The enthusiastic participants of the vigil refused to go home after the “official” proceedings ended. Instead, many of them walked up to the pavement and chanted at passing motorists, who honked back loudly in support

Light in the darkness: This was a motivated crowd that included many first-timers

Some 400 people gathered in a spirited anti-ISA protest in Penang tonight. The event was held in an open space in front of the Dewan Sri Pinang facing Light Street and the Penang High Court buidling across the road. Many passing cars honked in support.

In the past, a similar vigil would have drawn perhaps 30-100 people, most of them the usual civil society “suspects”. This time about 400 turned up.

What was remarkable about this event – and it reflects how much Malaysian society has changed – was that there were many “first-timers” in the crowd. And they didn’t even look like activist-types. I met one mother, G, who had brought her daughter, a private college student, along for the vigil. “I want her to learn about larger issues,” said the mother.

I also ran into a group of three women, Cheryl and her two first-timer friends. And courageous blogger Daniel, who is battling cancer, and his partner.

Says blog-reader Romerz:

I was most amazed by the mix of the crowd. Halfway through the event, two Malay men, in their sarongs and skull caps, made their way in front of me and joined in.

They must have just come from breaking puasa and evening prayers to lend support to a noble COMMON cause.

The movement for change is strong on the ground and it cuts across all races and religions.

This is one of the rare occasions when Iā€™m proud to be Malaysian and proud of my Malaysian brothers and sisters.

So these really were ordinary Malaysians – not the regular activist-types. But their enthusiasm matched or even surpassed that of the activists.

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Penang Deputy Chief Minister P Ramasamy addressing the crowd

A small group of vocal Hindraf supporters constantly reminded the crowd of the plight of the five detained Hindraf leaders, which Penang Deputy Chief Minister P Ramasamy acknowledged in his address, much to their satisfaction.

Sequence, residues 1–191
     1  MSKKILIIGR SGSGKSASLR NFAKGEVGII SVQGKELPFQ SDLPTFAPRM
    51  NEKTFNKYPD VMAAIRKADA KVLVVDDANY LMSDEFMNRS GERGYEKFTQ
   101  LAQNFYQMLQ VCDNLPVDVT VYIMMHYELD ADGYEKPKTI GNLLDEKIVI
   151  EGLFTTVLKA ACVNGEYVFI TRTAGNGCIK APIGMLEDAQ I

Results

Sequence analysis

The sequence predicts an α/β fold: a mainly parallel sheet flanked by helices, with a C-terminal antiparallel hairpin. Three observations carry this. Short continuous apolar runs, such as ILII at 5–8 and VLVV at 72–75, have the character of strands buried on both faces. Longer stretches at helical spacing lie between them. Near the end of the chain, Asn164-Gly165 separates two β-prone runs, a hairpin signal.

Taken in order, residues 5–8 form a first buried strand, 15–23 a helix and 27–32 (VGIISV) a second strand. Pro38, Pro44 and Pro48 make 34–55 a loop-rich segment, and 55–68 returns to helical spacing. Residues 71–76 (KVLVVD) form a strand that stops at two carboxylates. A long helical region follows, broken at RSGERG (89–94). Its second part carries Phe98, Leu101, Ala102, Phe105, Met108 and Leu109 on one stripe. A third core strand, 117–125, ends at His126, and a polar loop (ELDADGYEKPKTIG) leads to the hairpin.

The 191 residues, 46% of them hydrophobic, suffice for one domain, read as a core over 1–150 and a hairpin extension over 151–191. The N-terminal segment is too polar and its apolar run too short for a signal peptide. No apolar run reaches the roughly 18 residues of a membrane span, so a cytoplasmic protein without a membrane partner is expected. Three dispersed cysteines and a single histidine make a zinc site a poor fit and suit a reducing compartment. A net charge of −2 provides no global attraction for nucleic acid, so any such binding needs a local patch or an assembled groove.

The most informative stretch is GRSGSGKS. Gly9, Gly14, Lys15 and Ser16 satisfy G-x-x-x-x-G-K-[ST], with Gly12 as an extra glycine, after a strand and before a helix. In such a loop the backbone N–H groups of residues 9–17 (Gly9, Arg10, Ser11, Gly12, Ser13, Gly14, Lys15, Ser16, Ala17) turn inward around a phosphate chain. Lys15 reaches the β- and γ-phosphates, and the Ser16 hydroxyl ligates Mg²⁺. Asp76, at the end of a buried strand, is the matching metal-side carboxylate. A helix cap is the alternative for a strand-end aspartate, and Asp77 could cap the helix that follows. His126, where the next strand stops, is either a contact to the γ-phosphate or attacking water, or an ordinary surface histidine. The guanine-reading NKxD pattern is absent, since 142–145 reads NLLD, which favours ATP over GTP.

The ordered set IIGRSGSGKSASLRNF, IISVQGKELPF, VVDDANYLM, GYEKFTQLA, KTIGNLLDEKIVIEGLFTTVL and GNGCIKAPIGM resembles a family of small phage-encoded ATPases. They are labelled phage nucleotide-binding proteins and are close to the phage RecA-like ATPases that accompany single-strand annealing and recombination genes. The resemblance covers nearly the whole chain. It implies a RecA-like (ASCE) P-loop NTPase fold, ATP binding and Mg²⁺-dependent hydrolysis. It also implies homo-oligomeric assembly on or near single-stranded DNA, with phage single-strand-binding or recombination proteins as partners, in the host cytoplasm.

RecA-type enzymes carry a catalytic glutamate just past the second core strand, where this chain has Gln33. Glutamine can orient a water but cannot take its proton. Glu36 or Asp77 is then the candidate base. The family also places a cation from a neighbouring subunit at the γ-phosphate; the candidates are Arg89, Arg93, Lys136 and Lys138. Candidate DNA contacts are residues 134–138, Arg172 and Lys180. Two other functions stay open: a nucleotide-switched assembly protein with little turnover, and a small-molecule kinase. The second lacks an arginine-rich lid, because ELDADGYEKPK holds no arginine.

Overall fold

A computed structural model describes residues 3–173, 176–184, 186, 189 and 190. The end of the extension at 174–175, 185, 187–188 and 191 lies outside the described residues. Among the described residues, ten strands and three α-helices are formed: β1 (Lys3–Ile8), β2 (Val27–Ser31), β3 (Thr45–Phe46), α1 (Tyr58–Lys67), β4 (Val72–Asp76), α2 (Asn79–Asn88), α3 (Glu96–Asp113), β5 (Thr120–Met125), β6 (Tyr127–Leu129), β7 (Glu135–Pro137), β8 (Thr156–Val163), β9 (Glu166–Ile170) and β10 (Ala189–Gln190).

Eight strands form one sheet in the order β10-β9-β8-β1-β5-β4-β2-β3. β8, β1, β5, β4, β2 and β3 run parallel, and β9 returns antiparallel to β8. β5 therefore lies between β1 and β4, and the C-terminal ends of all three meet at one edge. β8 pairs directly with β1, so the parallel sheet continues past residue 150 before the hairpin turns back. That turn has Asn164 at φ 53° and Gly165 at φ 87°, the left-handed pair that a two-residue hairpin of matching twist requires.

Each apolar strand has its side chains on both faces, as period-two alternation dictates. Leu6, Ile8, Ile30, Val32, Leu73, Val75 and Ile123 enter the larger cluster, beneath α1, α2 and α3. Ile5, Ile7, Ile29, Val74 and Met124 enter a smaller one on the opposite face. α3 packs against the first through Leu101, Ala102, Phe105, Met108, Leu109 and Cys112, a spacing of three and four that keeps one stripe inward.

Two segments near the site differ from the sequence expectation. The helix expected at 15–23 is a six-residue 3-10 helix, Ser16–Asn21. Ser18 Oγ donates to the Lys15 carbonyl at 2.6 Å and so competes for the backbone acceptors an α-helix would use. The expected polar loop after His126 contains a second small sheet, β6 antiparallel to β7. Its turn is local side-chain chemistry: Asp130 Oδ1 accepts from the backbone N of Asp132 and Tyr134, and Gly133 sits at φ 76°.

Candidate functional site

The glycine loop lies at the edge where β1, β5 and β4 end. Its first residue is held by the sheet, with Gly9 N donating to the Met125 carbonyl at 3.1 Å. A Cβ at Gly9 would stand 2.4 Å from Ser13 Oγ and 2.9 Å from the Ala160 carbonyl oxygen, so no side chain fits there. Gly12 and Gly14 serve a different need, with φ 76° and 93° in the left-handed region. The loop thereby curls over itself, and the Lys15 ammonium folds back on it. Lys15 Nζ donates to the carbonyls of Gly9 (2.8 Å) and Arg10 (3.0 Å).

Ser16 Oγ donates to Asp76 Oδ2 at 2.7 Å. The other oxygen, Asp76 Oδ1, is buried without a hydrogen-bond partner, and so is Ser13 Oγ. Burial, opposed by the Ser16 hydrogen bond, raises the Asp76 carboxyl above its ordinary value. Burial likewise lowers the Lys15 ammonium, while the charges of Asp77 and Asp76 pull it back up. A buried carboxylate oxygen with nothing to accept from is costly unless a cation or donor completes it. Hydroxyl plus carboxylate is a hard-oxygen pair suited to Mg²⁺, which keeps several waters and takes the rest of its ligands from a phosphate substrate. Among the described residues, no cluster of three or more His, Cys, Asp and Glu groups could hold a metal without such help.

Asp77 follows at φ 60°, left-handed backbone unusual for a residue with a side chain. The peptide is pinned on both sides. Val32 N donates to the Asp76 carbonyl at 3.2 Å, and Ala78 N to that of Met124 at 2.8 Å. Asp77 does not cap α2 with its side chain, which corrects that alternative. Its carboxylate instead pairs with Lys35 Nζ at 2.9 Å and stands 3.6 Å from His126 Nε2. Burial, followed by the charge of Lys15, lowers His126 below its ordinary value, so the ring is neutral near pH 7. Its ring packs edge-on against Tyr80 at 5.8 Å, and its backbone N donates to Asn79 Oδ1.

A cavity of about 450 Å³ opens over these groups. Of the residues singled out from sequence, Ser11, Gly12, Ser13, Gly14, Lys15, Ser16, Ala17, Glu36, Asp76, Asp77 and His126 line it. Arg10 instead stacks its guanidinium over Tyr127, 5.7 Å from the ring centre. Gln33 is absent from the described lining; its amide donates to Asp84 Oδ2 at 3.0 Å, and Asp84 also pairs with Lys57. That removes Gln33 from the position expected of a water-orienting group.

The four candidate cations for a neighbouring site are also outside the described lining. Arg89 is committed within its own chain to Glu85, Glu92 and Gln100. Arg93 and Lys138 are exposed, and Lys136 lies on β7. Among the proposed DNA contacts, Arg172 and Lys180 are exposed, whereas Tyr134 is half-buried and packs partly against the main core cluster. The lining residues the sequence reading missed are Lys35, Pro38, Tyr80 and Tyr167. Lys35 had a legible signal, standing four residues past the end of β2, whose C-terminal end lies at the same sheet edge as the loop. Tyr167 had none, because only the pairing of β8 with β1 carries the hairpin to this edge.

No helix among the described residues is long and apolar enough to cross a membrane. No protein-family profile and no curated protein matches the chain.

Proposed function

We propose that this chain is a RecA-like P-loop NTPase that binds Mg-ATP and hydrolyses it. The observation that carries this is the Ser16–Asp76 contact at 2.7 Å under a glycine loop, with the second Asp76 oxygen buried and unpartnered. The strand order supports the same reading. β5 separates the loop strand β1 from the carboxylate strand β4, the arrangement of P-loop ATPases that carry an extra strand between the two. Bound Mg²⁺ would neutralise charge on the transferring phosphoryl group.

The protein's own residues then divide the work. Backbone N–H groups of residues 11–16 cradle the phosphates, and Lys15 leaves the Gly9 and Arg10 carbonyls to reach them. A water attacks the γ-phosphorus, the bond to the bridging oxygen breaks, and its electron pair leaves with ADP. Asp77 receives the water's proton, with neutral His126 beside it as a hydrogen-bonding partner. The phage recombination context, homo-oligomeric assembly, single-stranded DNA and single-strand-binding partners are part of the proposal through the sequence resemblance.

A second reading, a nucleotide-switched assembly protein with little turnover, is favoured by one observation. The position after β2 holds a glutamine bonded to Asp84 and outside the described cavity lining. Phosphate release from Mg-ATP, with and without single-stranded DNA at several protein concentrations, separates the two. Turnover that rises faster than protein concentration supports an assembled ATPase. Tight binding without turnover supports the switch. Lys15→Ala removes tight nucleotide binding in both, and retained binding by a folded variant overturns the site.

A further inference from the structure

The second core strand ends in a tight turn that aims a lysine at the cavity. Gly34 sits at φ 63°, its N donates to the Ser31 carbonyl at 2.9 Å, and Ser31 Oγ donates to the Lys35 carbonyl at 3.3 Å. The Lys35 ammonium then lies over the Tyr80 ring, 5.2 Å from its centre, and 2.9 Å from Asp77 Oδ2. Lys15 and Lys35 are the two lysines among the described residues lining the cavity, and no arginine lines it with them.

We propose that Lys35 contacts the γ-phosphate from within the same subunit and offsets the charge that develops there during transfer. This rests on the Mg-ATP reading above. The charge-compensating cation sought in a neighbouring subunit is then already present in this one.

The event was organised by Suaram with the participation of representatives from Aliran, Pekerja Tanjung, the Penang state government, the DAP, PKR, Parti Sosialis Malaysia, Hindraf, Pas, the Women’s Centre for Change, Penang Watch, the Penang Office for Human Development and the Socio-Economic and Environmental Research Institute (Seri).

Among those present were Suaram Penang coordinator Lau Shu Shi, Aliran president P Ramakrishnan, Aliran member Toh Kin Woon, Penang state exco member Chow Kon Yeow, PKR state assembly member Jason Ong, DAP leader Chong Eng and veteran blogger Lucia Lai.

Says blog reader Sujend:

I was there!! was nice too see people from all walks of life were there to support this cause!! :)

Making a surprise appearance was released ISA detainee Tan Hoon Cheng, who expressed her gratitude to all those who had supported her and her family during her recent ordeal. She said she would continue to be true to herself and committed to her work as a journalist.

Led by activists, the crowd chanted “Mansuhkan ISA!“, sang rousing songs, read out declarations while many passing cars honked in support.

The Aliran Singers leading the crowd in a couple of numbers

Next came the Aliran Singers, who led the crowd in adapted renditions of “We shall overcome” and “Lagu Rakyat“.

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We shall overcome (3x), some day.

Oh, deep in my heart, I do believe

We shall overcome some day.

We’ll walk hand in hand (3x), some day…

The ISA must must go (3x), today

Justice will prevail (3x), some day…


Lagu Rakyat

Bertabah rakyat Malaysia

Kita mesti bersatu

Untuk rakyat dan negara

Kita berganding bahu

Kuasa di tangan rakyat

Jika saling membantu

Membina dunia baru

Yang adil dan bersatu


Kita tidak boleh undur

Tidak berasa ragu

ISA kita hapuskan